“We wanted this season to make a statement since we know how important opera is to this community,” says Straz Center President and Opera Tampa General Director Judy Lisi. “There are so many people who live here who grew up listening to great opera around a radio or record player with their parents and grandparents. We also have a new generation of young opera fans who know the music from movie scores, cartoons and popular remakes and are discovering the excitement of the original material. We are putting up an epic season to honor the best of what everyone loves about great opera.”

Lisi, a Puccini aficionado and classically trained singer, launched her first successful opera company in Connecticut with Maestro Anton Coppola acting as artistic director. The pair ushered in a revival of great opera for the Shubert Theater in New Haven, building a loyal following and stellar reputation for excellence in programming and production. The duo reprised this success in Tampa, when Lisi and Coppola created Opera Tampa, producing Madama Butterfly to complement a Broadway tour of Miss Saigon, a musical adapted from the opera’s story.

“When we introduced grand opera at The Straz, we knew we wanted to work with what audiences who may not be familiar with opera already knew and loved, which was Broadway,” says Lisi. “The first year we started with Madama Butterfly; the second year RENT was on our Broadway season so, naturally, we staged La Boheme, the inspiration for Jonathan Larson’s hit musical. Our original plan was to put up one opera a season, but we quickly found out we had a strong audience for the art form here. Before we knew it, we were staging three huge productions per season.”

Pirate King, Pirates of Penzance. Photo by Rob Harris Productions.

Over the years, Opera Tampa has drawn internationally-renowned singers to Morsani Hall in the Straz Center to portray the towering characters that populate the opera canon. For the past quarter of a century, the company breathed life into the masterworks of Mozart, Puccini, Verdi, Rossini, Wager, Bizet and Donizetti with outstanding local talent performing onstage with singers from The Met and La Scala. As the reputation and popularity of Opera Tampa grew, the organization decided to institute an annual recognition to someone in the field. After Maestro Coppola’s retirement, Opera Tampa unveiled The Anton Coppola Excellence in the Arts Award, bestowed each year at the Grand Gala. Recipients include such luminaries as Placido Domingo, Denyce Graves, Sherrill Milnes, Diana Soviero, Carlisle Floyd and Paul Plishka.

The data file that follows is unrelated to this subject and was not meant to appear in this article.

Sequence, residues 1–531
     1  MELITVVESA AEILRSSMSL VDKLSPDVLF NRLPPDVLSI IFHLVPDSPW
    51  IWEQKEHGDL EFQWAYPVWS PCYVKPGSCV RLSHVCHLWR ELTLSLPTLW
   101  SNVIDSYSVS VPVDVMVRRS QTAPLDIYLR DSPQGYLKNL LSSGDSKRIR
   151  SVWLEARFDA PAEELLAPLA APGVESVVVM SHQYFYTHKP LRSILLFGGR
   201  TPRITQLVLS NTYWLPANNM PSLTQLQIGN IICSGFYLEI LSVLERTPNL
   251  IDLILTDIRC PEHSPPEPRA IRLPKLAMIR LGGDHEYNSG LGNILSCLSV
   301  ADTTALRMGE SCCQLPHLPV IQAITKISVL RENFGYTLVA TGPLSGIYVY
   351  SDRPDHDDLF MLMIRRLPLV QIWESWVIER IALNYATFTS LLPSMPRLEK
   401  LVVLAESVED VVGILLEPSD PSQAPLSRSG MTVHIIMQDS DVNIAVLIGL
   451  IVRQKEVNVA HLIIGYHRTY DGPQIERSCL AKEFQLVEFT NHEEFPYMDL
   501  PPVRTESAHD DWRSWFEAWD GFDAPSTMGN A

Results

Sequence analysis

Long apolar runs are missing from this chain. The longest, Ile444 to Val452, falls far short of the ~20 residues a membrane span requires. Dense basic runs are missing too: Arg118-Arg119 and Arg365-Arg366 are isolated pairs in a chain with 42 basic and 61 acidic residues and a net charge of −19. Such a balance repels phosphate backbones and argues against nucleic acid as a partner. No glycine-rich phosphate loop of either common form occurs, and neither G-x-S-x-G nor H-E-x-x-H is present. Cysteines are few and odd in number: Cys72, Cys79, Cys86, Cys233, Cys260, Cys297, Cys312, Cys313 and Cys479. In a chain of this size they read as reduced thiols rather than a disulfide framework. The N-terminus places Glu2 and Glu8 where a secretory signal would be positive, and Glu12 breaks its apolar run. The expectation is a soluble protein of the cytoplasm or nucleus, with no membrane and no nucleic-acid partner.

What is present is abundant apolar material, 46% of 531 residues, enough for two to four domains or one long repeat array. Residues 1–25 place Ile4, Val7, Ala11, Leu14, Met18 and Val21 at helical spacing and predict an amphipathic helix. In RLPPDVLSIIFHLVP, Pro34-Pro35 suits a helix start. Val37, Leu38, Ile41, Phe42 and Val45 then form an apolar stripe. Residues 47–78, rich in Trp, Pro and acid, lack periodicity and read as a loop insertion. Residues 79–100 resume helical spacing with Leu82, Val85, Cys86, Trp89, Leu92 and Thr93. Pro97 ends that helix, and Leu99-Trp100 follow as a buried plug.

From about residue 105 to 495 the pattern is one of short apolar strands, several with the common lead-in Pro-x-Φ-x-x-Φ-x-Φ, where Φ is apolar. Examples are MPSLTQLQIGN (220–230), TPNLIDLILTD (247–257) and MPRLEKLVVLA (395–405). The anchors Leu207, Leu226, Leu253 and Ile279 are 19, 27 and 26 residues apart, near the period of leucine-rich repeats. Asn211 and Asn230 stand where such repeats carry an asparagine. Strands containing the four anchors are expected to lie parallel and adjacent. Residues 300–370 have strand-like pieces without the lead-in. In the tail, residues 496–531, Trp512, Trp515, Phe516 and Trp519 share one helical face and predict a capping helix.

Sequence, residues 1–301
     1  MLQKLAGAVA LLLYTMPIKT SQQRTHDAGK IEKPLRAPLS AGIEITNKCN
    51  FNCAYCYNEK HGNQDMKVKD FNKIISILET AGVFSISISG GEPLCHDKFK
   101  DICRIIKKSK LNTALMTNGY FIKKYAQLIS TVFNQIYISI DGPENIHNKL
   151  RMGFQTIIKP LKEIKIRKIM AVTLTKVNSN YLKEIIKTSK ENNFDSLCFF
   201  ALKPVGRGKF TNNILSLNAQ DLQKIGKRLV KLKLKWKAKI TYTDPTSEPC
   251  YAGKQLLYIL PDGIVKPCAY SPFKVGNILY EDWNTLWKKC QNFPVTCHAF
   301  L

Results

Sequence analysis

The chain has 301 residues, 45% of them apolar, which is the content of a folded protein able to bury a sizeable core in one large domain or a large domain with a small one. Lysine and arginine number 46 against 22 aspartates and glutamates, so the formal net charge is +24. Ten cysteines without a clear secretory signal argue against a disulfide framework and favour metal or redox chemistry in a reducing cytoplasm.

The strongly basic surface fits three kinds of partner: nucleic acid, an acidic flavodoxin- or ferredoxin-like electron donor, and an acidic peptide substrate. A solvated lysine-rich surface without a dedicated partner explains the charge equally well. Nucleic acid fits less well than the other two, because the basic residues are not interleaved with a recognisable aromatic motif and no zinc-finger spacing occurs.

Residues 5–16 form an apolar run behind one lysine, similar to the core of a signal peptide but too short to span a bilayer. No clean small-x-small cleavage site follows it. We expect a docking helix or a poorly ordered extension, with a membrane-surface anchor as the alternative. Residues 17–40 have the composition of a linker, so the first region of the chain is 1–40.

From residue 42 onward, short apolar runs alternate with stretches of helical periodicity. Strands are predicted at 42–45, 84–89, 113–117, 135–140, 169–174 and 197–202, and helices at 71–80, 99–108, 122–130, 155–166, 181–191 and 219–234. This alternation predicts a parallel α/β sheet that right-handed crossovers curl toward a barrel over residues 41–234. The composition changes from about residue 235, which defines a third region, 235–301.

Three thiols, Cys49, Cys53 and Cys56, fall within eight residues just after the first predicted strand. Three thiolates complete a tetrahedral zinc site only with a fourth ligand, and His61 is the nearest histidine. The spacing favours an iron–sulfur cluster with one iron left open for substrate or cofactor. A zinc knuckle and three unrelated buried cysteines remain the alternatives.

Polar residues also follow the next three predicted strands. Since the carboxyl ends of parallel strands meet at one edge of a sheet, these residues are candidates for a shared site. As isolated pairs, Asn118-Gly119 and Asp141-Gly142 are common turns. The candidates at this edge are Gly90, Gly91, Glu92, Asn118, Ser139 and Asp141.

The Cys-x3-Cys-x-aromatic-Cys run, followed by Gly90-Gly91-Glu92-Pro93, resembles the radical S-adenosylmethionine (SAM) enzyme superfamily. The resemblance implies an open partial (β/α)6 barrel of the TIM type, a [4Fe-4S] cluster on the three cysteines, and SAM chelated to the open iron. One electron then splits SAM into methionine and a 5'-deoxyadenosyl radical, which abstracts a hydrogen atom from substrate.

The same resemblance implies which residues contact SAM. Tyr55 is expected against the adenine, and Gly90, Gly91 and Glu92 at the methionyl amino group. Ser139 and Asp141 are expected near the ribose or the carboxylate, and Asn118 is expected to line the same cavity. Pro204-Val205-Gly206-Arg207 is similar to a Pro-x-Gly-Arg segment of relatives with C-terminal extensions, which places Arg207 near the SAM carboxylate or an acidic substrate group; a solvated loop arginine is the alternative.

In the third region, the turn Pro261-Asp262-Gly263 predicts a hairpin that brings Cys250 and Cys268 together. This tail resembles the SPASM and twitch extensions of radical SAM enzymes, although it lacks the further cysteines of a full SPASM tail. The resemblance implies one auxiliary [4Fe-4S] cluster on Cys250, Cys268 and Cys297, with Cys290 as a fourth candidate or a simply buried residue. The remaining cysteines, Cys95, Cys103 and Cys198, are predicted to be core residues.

In November 2019, Opera Tampa held the inaugural D’Angelo Young Artist Vocal Competition, helping to establish Opera Tampa as an entity that not only produces great opera but also cultivates the next generation of opera performers. Through their extensive arts education program, Opera Tampa has also cultivated the next generation of audiences by bringing professional singers into school classrooms to get kids excited about opera music and stories. “When I look back over the past 25 years and assess the ways Opera Tampa has impacted this area culturally, educationally and artistically, I almost can’t believe how much has happened,” says Lisi. “What started as a hope that people would like this art form has grown into a full-fledged cultural institution. We have a solid name in the professional opera world; our successes in one of the most acoustically gorgeous theaters in America has people sitting up and taking notice of what’s happening in Tampa. We couldn’t be happier to have reached our 25th anniversary season with such momentum and excitement about what’s to come.”